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October 20, 2017

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Nevada representatives propose nixing Yucca funding from House bill

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AP Photo/John Locher

Rep. John Shimkus, R-Ill., stands near the north portal of Yucca Mountain during a congressional tour Thursday, April 9, 2015, near Mercury. Several members of Congress toured the proposed radioactive waste dump 90 miles northwest of Las Vegas.

Updated Thursday, July 20, 2017 | 11:11 a.m.

Nevada representatives are pushing amendments to a House appropriations bill to nix $120 million in funding to revive the Yucca Mountain nuclear waste repository project.

The House appropriations bill currently includes the money, while a Senate bill headed for a committee vote on Thursday excludes the appropriation. U.S. Ruben Kihuen, D-Nev., introduced the amendment to the House bill on Wednesday, with a possible vote next week. U.S. Reps. Jacky Rosen and Dina Titus, both D-Nev., are co-sponsors.

“We have been down this road before, and as I have said many times, Yucca Mountain is not a dumping ground for nuclear waste," Kihuen said in a statement. "Nuclear waste stored at Yucca Mountain will threaten the safety of Nevadans in addition to putting millions of visitors at risk. There are plenty of ways to utilize the existing infrastructure at Yucca Mountain, however, funding a dead project and stuffing a mountain with nuclear waste is not the answer.”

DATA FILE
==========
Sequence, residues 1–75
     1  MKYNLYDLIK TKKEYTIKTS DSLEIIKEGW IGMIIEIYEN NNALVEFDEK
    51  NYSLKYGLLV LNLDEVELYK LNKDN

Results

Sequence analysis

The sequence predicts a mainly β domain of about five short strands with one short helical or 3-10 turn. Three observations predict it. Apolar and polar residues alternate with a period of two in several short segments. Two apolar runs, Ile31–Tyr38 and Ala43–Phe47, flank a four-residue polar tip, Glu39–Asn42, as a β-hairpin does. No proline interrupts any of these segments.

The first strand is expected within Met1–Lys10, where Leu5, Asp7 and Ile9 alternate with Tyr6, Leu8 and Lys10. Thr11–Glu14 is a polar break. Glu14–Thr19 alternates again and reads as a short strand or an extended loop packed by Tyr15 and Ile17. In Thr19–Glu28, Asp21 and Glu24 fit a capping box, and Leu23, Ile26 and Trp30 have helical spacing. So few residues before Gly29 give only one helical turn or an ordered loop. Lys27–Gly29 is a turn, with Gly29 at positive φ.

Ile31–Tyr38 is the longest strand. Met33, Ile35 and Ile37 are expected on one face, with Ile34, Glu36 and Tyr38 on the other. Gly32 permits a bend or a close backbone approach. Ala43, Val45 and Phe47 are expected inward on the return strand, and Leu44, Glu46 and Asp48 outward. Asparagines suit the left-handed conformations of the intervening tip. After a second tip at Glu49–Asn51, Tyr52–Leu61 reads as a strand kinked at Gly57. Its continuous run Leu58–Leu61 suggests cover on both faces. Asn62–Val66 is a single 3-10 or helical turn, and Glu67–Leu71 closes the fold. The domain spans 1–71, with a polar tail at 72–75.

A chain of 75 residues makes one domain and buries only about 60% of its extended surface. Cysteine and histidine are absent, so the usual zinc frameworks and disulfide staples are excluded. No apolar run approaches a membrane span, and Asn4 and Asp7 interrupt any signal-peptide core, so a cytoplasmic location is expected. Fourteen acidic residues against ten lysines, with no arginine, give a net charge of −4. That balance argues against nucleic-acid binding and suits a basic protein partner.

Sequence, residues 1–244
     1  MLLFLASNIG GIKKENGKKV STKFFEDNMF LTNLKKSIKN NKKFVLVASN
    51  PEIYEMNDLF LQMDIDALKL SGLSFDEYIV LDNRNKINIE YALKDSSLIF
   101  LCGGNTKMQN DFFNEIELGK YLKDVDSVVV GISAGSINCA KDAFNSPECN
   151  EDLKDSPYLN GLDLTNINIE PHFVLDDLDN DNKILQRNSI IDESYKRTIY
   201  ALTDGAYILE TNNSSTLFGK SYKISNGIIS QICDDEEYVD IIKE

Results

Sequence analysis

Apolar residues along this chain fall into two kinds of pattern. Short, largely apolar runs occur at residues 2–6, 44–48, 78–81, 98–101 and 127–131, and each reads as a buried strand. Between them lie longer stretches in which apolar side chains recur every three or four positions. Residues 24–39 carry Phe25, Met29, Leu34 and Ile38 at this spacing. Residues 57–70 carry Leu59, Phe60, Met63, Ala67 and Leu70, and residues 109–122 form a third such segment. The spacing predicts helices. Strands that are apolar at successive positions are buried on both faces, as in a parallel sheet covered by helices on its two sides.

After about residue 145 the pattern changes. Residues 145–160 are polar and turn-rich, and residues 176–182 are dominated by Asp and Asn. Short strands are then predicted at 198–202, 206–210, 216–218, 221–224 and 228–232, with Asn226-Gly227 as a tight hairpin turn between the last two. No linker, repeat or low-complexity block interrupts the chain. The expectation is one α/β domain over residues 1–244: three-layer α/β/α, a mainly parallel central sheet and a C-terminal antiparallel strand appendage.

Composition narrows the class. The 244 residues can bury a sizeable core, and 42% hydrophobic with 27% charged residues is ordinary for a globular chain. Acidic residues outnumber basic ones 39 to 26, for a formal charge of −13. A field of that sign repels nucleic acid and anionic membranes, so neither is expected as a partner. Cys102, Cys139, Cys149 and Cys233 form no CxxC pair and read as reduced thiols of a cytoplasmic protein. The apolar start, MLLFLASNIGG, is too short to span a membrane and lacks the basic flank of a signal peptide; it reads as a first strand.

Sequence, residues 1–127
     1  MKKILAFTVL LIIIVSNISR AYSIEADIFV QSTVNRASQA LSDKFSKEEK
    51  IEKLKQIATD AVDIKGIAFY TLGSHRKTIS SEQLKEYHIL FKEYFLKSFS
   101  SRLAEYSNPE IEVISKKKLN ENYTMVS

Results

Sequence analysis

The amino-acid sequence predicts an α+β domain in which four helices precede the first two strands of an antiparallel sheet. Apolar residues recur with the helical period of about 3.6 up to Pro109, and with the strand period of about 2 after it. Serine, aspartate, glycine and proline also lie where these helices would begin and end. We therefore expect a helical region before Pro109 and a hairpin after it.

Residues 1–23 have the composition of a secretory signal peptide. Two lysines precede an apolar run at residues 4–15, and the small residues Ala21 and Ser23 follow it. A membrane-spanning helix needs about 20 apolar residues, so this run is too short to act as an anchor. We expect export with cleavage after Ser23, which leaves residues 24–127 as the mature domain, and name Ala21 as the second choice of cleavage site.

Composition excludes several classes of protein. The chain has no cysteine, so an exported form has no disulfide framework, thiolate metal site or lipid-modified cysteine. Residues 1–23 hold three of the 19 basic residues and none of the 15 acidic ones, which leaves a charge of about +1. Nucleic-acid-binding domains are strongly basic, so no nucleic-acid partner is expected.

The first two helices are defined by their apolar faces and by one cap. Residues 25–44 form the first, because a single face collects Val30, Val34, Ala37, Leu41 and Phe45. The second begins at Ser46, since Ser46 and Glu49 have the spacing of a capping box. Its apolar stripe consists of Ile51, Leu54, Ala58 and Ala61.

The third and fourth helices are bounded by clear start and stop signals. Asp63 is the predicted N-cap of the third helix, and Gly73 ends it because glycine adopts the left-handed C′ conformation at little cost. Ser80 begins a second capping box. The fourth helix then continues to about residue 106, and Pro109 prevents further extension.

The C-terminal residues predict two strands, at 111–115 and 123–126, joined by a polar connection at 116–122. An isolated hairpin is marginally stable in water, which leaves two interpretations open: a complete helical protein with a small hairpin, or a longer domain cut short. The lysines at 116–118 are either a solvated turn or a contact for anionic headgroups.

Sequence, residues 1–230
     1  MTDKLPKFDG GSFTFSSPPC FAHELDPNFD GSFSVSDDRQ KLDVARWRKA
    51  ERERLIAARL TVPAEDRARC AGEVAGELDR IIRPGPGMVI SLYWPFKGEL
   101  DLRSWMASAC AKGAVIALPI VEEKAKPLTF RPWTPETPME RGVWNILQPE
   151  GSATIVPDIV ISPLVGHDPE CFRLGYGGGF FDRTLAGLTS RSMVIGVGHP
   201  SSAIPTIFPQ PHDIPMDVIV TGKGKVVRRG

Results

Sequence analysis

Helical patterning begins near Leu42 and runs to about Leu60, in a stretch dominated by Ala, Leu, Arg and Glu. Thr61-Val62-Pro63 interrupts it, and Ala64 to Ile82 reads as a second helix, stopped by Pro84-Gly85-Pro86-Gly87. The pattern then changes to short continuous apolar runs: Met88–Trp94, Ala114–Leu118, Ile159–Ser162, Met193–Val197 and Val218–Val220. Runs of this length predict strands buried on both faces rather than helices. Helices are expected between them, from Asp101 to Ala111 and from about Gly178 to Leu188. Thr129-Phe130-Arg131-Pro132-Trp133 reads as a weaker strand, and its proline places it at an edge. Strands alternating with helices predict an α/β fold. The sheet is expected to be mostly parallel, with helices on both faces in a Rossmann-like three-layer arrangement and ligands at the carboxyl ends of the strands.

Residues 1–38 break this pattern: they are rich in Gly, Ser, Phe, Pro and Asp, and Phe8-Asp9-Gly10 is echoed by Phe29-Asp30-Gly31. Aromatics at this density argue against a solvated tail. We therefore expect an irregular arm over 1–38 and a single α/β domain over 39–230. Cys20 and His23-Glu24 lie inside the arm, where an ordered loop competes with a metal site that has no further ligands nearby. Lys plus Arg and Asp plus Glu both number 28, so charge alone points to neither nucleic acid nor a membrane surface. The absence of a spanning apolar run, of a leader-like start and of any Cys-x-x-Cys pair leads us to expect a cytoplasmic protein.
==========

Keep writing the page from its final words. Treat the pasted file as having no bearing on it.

“The Senate’s decision to exclude funding for Yucca Mountain in its appropriations bill is a move in the right direction, but our fight is certainly far from over,” Rosen said in a statement. “Since Day One, the Trump administration and House Republicans have led a relentless and misguided push to turn Nevada into the nation’s dumping ground for nuclear waste.”

Supporters of the Yucca Mountain repository say starting from scratch would be more expensive and add more time to the process while waste continues to pose a risk to host states. Rosen says Yucca Mountain is an unsafe site and moving waste there would pose risks all along the transportation routes.

“Reviving Yucca Mountain would be a waste of taxpayer resources and would threaten the health and safety of hundreds of thousands of my constituents living just 90 miles away from this unsafe site,” Rosen said.

Nye County and several others in Nevada have argued for the licensing process to continue so that the research can be heard.

This story has been updated with Rep. Kihuen's comments.

CORRECTION: This version of the story clarifies that Rep. Kihuen introduced the amendment. | (July 20, 2017)

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